- Since 2012, teacher engagement has remained relatively stable
- Among top 15 states, Washington has highest percentage of "engaged" teachers
- Florida has highest percentage of "actively disengaged" teachers
This article is the second in a series exploring employee engagement among U.S. teachers as measured by Gallup Daily tracking.
WASHINGTON, D.C. -- Of the 15 most populous U.S. states, Washington leads in the percentage of teachers engaged in their jobs (35%) followed by Texas, North Carolina, Georgia and Illinois. Florida reports the highest percentage of actively disengaged teachers (17%) followed by New Jersey, New York, Pennsylvania and Michigan.
Gallup categorizes survey participants as "engaged," "not engaged" or "actively disengaged" based on their responses to questions about workplace elements having proven links to performance outcomes. Gallup defines engaged teachers as involved with, enthusiastic about and committed to their work. They know the scope of their jobs and constantly look for new and better ways to achieve outcomes. Not engaged teachers may be satisfied with their jobs, but they are not emotionally connected to their workplaces and are unlikely to devote much discretionary effort to their work. Actively disengaged teachers are not only unhappy, but also act out their unhappiness in ways that undermine what their coworkers accomplish.
These results are based on interviews with 16,529 full-time K-12 schoolteachers conducted Jan. 2, 2011-Sept. 30, 2014, as part of Gallup Daily tracking.
Interestingly, Washington state reported the largest percentage of engaged teachers while also boasting the smallest percentage of actively disengaged teachers. At just 10%, it stands tied with Massachusetts and Illinois for the lowest percentage of actively disengaged teachers.
While no state is completely free of actively disengaged teachers, most states included in the analysis registered percentages of actively disengaged teachers at or less than the national average of 13% for the survey period. Seven states exceeded that figure, meaning they have a larger than average percentage of actively disengaged teachers.
Among them, at 17%, Florida leads large states in the percentage of actively disengaged teachers. New Jersey, New York, Pennsylvania and Michigan round out the top five states with the largest percentage of actively disengaged teachers. Michigan has the lowest percentage of engaged teachers, at 22%.
Although states with the highest percentage of actively disengaged teachers typically have the lowest percentage of engaged teachers, Massachusetts is an exception. Massachusetts has a relatively low percentage of actively disengaged teachers, but also ranks among the lowest for engaged teachers, at 26%. As a result, of the states included in this analysis, it has the highest percentage of teachers in the middle, "not engaged," category.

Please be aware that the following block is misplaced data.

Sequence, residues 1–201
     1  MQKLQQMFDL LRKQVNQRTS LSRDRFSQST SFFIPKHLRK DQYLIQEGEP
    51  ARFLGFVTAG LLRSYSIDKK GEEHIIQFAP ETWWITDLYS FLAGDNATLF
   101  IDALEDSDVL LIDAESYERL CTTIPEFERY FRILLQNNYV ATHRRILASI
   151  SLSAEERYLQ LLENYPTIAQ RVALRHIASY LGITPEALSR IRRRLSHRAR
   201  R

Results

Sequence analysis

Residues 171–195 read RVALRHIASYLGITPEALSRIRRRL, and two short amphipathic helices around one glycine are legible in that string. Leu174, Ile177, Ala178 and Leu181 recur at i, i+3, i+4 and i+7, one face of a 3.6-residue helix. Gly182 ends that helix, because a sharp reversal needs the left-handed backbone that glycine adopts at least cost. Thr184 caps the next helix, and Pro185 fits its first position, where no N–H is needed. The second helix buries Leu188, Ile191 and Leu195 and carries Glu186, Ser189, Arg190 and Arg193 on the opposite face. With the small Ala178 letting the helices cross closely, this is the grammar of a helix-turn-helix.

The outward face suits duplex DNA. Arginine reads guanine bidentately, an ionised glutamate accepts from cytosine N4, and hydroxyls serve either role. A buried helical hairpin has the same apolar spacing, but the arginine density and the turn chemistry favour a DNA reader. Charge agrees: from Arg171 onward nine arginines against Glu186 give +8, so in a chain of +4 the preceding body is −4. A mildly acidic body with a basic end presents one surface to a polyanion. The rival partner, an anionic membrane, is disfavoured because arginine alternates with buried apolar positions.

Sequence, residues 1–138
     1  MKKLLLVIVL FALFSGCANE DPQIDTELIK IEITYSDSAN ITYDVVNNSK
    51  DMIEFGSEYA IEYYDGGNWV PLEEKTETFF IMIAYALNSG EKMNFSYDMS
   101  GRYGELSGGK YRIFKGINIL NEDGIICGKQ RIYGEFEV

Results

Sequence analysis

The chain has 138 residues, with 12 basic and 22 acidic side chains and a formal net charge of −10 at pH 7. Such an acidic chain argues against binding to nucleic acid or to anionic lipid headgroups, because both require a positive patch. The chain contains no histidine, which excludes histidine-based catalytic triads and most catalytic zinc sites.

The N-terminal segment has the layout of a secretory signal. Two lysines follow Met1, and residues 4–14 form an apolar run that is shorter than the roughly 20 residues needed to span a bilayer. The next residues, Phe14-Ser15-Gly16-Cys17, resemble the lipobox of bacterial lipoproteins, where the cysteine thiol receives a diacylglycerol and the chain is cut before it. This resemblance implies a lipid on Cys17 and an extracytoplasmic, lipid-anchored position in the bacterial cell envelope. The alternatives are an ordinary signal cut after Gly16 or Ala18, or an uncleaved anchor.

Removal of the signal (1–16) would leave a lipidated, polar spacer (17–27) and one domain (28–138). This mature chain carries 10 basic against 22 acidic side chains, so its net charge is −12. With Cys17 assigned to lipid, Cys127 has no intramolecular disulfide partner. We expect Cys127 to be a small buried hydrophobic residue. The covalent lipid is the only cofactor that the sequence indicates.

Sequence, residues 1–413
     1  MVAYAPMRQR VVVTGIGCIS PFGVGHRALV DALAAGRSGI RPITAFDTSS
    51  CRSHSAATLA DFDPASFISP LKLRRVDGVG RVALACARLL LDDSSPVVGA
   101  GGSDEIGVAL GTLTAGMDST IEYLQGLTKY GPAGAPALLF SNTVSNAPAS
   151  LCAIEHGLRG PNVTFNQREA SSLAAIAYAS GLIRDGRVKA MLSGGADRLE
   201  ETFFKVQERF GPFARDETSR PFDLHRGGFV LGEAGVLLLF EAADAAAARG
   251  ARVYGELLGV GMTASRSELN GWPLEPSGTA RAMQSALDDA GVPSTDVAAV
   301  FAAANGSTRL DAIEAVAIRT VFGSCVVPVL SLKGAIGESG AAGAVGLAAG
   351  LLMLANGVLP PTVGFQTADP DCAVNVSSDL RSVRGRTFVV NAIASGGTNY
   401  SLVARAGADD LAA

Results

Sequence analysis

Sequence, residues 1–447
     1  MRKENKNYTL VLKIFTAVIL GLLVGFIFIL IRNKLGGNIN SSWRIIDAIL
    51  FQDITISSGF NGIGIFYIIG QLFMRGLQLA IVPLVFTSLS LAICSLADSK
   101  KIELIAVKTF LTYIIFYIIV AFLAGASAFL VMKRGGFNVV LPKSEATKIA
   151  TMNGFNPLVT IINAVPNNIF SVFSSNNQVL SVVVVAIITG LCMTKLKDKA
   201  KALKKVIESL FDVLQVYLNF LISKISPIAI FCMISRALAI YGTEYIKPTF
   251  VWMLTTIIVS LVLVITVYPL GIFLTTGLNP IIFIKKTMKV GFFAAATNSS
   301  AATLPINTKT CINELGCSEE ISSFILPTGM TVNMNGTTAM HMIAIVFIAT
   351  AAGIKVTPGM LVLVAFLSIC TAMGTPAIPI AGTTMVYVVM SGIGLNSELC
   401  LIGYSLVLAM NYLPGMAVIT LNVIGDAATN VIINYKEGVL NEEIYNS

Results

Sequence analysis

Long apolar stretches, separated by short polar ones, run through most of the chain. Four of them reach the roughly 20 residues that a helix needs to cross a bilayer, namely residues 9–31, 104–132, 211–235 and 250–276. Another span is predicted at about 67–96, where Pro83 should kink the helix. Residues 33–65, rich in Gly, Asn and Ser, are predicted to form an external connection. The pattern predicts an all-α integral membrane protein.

Teacher Engagement Nationwide Relatively Stable Since 2012
As measured in 2014, 31% of all U.S. teachers were identified as being engaged in their jobs, while 12% reported being actively disengaged. The majority of U.S. teachers, 56%, were not engaged in their work. Employee engagement among U.S. teachers has remained relatively stable since 2012. Moreover, teachers exhibit levels of engagement comparable to estimates for the total U.S. workforce.
Gallup research has identified a number of outcomes associated with employee engagement, including teacher absenteeism estimated at more than 2.3 million additional missed workdays each school year. School leadership matters as well. Having principals with natural talent for their job enhances the likelihood that teachers will be engaged in their work. Engaged teachers are more likely to yield engaged students who realize greater educational achievement. Given these findings, the impetus to select and develop school principals and teachers based on their natural aptitudes for the role is paramount.
Among the most populous states included in this analysis, the range in estimates of engaged teachers is wide -- a 13-percentage-point difference between the top- and bottom-ranking states. This may suggest that some states are more successfully capitalizing on the talent of their teachers than others. However, even for states like Washington, with the highest percentage of engaged teachers coupled with the lowest percentage of actively disengaged teachers, there remains room for improvement. Those looking to improve teacher engagement might be well-served by studying the best practices of states with high levels of teacher engagement.
Results are based on telephone interviews conducted Jan. 2, 2011-Sept. 30, 2014, as part of the Gallup Daily tracking survey, for a subgroup of 16,259 full-time K-12 school teachers, from a random sample of adults, aged 18 and older, living in all 50 U.S. states and the District of Columbia. All reported margins of sampling error include computed design effects for weighting.
For results based on the total sample of U.S. teachers, the margin of sampling error is ±1 percentage point at the 95% confidence level. For state level estimates, the margin of sampling error for most states is ±4 but is as low as ±2 for larger states and as high as ±7 percentage points for states with smaller populations.
Each sample of national adults includes a minimum quota of 50% cellphone respondents and 50% landline respondents, with additional minimum quotas by time zone within region. Landline and cellular telephone numbers are selected using random-digit-dial methods.
Learn more about how the Gallup U.S. Daily works.